Author Archive for: Steve MacArthur
Pharmaceutical waste, as they say in the industry, is a very sticky wicket. There is certainly a great deal of anticipation that the RCRA restrictions (nice alliteration, eh?) will be relaxed to a degree that is most favorable to healthcare facilities when it comes to this waste (see the free article posted on the Hospital Safety Connection for a brief rundown of what’s happening and happening and how to comment on the proposal, which the EPA will accept until March 4).
I spent a fair amount of time over the holidays watching the continuing TV adventures of my favorite misanthrope, Dr. Gregory House.
One of the curious things that I’ve noticed (which is clearly a manifestation of my own obsessive compulsive disorder, as well as my safety-consultant nature) is that the sharps disposal containers located in each of the care environments represented in the various episodes of “House” appear to be mounted at an aperture height of about 72 inches.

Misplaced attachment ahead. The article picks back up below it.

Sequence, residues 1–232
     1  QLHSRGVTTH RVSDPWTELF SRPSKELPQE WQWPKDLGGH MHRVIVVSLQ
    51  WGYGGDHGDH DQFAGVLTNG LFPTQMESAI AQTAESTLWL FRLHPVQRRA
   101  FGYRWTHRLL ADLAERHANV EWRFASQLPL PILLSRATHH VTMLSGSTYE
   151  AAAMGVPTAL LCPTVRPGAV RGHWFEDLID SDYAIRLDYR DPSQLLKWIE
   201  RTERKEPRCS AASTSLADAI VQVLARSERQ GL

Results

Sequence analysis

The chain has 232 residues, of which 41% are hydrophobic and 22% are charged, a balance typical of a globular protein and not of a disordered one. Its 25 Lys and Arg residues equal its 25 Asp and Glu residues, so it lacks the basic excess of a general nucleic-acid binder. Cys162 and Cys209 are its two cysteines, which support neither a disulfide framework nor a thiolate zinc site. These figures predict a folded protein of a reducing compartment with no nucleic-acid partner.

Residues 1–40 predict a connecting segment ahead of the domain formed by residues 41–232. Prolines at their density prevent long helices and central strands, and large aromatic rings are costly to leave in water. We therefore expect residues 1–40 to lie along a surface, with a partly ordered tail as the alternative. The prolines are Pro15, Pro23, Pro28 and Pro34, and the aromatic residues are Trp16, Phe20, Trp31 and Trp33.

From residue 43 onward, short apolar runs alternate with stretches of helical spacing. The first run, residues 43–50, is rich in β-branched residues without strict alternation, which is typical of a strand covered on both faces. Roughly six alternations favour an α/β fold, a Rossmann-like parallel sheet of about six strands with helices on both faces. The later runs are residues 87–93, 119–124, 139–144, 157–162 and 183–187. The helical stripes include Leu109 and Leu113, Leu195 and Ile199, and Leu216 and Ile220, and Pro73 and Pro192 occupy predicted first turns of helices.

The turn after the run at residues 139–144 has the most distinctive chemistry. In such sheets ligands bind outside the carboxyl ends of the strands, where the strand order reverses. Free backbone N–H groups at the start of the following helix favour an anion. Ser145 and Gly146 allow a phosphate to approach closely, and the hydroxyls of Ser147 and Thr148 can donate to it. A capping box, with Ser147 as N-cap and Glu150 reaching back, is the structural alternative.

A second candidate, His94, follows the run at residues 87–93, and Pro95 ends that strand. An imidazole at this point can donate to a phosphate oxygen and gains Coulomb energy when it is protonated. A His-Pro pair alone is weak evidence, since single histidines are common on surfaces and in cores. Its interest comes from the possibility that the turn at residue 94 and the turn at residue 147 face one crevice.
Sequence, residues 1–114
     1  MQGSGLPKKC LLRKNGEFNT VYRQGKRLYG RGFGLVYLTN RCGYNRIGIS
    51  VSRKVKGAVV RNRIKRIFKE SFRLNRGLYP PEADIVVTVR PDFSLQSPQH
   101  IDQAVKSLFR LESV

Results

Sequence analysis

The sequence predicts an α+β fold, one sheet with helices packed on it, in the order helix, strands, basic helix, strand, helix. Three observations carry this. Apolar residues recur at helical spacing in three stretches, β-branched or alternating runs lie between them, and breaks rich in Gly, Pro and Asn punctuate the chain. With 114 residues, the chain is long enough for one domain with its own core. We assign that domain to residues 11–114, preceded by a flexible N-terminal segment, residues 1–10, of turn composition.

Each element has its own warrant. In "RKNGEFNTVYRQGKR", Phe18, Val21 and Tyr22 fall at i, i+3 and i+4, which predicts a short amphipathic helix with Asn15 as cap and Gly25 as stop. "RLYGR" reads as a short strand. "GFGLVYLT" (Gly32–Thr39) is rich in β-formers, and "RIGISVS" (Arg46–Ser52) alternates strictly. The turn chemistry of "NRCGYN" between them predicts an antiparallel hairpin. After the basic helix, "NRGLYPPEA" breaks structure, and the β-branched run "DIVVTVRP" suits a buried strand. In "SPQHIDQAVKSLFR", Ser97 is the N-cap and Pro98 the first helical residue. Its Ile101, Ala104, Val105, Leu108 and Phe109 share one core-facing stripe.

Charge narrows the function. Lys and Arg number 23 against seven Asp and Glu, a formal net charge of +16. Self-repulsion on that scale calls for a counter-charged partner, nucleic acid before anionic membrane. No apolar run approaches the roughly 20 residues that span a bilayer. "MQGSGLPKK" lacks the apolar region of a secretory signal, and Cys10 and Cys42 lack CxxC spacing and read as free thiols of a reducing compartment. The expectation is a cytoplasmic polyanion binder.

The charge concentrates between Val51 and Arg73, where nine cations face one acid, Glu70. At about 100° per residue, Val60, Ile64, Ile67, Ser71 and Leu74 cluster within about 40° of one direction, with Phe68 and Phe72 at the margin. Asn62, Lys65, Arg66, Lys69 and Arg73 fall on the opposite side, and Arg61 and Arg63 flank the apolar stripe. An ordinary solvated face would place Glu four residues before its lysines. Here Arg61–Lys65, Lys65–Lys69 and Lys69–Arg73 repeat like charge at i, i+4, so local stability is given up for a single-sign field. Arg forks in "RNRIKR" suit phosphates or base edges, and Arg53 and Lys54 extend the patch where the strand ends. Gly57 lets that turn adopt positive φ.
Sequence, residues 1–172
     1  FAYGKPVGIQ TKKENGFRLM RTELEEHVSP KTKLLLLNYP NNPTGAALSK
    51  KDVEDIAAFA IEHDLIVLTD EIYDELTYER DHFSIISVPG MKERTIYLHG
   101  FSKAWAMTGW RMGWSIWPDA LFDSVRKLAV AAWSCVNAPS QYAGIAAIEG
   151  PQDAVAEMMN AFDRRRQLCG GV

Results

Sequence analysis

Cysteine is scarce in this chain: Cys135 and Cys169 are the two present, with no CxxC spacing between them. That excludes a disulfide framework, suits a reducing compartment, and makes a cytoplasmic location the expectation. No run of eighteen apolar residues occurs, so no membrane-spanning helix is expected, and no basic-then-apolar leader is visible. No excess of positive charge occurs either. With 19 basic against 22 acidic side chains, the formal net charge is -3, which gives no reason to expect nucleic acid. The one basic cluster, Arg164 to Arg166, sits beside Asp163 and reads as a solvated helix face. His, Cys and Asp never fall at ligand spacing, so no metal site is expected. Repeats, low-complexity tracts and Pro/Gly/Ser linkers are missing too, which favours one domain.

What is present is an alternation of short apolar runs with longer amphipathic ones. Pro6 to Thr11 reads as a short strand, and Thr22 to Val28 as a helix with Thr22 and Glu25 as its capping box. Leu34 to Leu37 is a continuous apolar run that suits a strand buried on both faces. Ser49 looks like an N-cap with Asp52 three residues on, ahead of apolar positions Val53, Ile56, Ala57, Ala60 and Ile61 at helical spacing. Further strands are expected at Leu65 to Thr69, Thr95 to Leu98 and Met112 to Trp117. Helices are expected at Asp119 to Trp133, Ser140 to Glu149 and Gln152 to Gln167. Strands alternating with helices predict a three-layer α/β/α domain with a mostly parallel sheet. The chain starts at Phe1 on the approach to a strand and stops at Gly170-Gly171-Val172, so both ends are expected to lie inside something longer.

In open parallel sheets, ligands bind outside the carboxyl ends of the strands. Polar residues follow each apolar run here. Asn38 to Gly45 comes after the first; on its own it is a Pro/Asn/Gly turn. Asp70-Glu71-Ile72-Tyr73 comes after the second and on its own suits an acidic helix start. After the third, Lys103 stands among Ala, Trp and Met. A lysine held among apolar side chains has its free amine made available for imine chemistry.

You’ve no doubt heard about the unemployment rate, the bank bailouts, and most recently the trouble in Detroit with the auto industry. Every day headlines reveal another portion of the U.S. sucker punched by the economy.
Now you’re going to hear about some of the jabs the economy has thrown at the public health system, particularly the programs devoted to emergency management.
Q: What is the standard volume for “large” and “small” spills?
A: Sometimes the rule of thumb on this question is that you can consider anything 1 gal or less a small spill, and everything above 1 gal a large spill. However, depending on what materials are in question, you might need to make adjustments.
The topic of eyewash stations comes up a lot.
In general, the OSHA medical services and first aid standard requires eyewash stations in locations in which there is a risk of accidental exposure to corrosive or caustic materials.
There are definitely specific environments—high-level disinfection and processing areas for one—where I would be looking for eyewash stations, but only after looking at the chemicals involved.